Countries with a higher percentage of fully vaccinated people have higher rates of Covid-19 cases, a study by Harvard researchers claims.
The study, titled, “Increases in COVID-19 are unrelated to levels of vaccination across 68 countries and 2,947 counties in the United States,” was published late last month at the National Institutes of Health website and the peer-reviewed European Journal of Epidemiology.
On its face, the study purports rises in Covid cases are unrelated to vaccination rates, however, data presented in the study gives the exact opposite impression.
For example, the study claims, “At the country-level, there appears to be no discernable relationship between percentage of population fully vaccinated and new COVID-19 cases in the last 7 days.”
However, it goes on to say, “In fact, the trend line suggests a marginally positive association such that countries with higher percentage of population fully vaccinated have higher COVID-19 cases per 1 million people.”
“Notably, Israel with over 60% of their population fully vaccinated had the highest COVID-19 cases per 1 million people in the last 7 days,” the study authors state.
“The lack of a meaningful association between percentage population fully vaccinated and new COVID-19 cases is further exemplified, for instance, by comparison of Iceland and Portugal,” the study notes, going on to demonstrate a meaningful association.
“Both countries have over 75% of their population fully vaccinated and have more COVID-19 cases per 1 million people than countries such as Vietnam and South Africa that have around 10% of their population fully vaccinated.”
The study goes on to illustrate the correlational relationship between vaccines and Covid rates in US counties.
“Across the US counties too, the median new COVID-19 cases per 100,000 people in the last 7 days is largely similar across the categories of percent population fully vaccinated.” […] “Of the top 5 counties that have the highest percentage of population fully vaccinated (99.9–84.3%), the US Centers for Disease Control and Prevention (CDC) identifies 4 of them as ‘High’ Transmission counties. Chattahoochee (Georgia), McKinley (New Mexico), and Arecibo (Puerto Rico) counties have above 90% of their population fully vaccinated with all three being classified as ‘High’ transmission.” “Conversely, of the 57 counties that have been classified as ‘low’ transmission counties by the CDC, 26.3% (15) have percentage of population fully vaccinated below 20%.”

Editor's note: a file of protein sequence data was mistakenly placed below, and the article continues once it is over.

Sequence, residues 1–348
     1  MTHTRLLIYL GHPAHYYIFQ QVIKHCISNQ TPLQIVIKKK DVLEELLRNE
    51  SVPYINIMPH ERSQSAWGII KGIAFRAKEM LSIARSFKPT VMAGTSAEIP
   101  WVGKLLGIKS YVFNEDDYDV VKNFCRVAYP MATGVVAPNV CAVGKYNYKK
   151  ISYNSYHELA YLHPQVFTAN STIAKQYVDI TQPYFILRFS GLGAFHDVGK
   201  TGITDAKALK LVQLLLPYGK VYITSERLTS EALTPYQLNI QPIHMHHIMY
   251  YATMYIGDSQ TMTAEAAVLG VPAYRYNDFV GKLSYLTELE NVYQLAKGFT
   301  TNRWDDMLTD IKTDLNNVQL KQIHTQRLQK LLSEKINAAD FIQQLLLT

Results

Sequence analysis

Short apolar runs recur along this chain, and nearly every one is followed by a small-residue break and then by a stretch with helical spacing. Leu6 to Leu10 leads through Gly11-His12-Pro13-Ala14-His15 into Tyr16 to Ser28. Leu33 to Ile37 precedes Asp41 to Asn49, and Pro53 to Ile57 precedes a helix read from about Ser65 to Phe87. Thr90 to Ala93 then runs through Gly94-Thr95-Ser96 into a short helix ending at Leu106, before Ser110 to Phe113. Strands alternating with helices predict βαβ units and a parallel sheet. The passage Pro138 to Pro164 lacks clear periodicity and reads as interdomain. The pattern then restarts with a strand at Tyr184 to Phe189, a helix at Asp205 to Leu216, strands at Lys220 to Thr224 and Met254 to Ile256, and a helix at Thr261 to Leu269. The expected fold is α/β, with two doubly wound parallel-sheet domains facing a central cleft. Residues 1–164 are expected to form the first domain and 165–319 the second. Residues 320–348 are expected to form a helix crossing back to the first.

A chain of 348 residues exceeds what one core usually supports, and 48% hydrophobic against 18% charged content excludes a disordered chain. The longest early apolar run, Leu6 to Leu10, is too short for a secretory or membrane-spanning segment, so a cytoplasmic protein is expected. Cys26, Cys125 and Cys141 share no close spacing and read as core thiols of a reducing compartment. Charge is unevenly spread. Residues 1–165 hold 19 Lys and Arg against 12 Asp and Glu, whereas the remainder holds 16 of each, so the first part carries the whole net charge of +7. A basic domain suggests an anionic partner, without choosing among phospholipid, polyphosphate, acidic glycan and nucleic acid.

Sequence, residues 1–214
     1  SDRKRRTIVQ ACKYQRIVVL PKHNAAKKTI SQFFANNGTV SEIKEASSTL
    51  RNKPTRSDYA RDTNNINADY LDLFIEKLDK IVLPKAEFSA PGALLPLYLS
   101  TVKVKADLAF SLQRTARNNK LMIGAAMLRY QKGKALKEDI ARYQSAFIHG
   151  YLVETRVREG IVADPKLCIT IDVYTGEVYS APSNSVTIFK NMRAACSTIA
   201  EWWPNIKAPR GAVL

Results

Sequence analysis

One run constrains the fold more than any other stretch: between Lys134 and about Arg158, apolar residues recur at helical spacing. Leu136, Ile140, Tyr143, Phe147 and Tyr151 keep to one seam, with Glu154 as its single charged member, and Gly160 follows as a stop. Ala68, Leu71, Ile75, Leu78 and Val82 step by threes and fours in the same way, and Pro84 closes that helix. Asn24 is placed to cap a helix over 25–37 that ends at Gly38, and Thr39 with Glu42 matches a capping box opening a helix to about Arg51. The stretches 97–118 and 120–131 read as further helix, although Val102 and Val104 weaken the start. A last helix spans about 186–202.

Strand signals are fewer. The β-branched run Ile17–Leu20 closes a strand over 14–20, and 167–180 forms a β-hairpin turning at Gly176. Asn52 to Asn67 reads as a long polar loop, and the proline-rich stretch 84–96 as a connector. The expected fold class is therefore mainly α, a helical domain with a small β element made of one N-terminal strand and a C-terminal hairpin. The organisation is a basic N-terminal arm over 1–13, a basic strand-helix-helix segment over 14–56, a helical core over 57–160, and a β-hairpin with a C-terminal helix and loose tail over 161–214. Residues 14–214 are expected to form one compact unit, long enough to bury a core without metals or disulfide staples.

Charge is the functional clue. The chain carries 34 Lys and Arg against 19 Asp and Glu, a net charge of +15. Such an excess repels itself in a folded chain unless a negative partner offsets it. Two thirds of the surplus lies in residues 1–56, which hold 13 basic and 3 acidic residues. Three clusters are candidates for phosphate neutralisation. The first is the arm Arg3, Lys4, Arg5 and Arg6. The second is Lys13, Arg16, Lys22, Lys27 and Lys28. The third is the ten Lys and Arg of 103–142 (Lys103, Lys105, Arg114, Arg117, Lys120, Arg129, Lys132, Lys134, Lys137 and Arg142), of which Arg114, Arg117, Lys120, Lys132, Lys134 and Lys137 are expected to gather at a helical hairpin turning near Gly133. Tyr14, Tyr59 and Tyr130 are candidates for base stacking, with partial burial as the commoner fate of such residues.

The study authors caution that mass vaccination should not be the sole Covid-19 preventative strategy.
“The sole reliance on vaccination as a primary strategy to mitigate COVID-19 and its adverse consequences needs to be re-examined, especially considering the Delta (B.1.617.2) variant and the likelihood of future variants… “Other pharmacological and non-pharmacological interventions may need to be put in place alongside increasing vaccination rates. “Such course correction, especially with regards to the policy narrative, becomes paramount with emerging scientific evidence on real world effectiveness of the vaccines.”
Despite data in the study showing vaccinated people are spreading Covid, the study’s lead author, Harvard University Professor of Population Health and Geography S.V. Subramanian, claimed to PolitiFact the point of the study was not to highlight the high rate of “breakthrough infections” among the vaccinated, but to draw attention to the need to implement additional safety measures to combat the virus.
“Concluding from this analysis that vaccines are useless is misleading and inaccurate. Rather, the analysis supports vaccination as an important strategy for reducing infection and transmission, along with handwashing, mask-wearing, proper ventilation and physical distancing.”
The Blaze‘s Daniel Horowitz noted researchers used a one-month lag when compiling the data.
It’s also important to keep in mind that when calculating the data, the authors used a sensitivity analysis by applying a one-month lag on the percentage population fully vaccinated so that people wouldn’t be considered fully vaccinated until 14 days after the second dose. However, studies have shown that this is the most vulnerable time for getting the virus. Why should that be blamed on the lack of vaccination rather than on the vaccine? So if anything, the numbers are likely even more unfavorable to the vaccine than this analysis suggests.
Interestingly, despite the researcher’s explanation, PolitiFact rated a claim that the study showed “COVID-19 ‘surges among most vaxxed communities” half-true.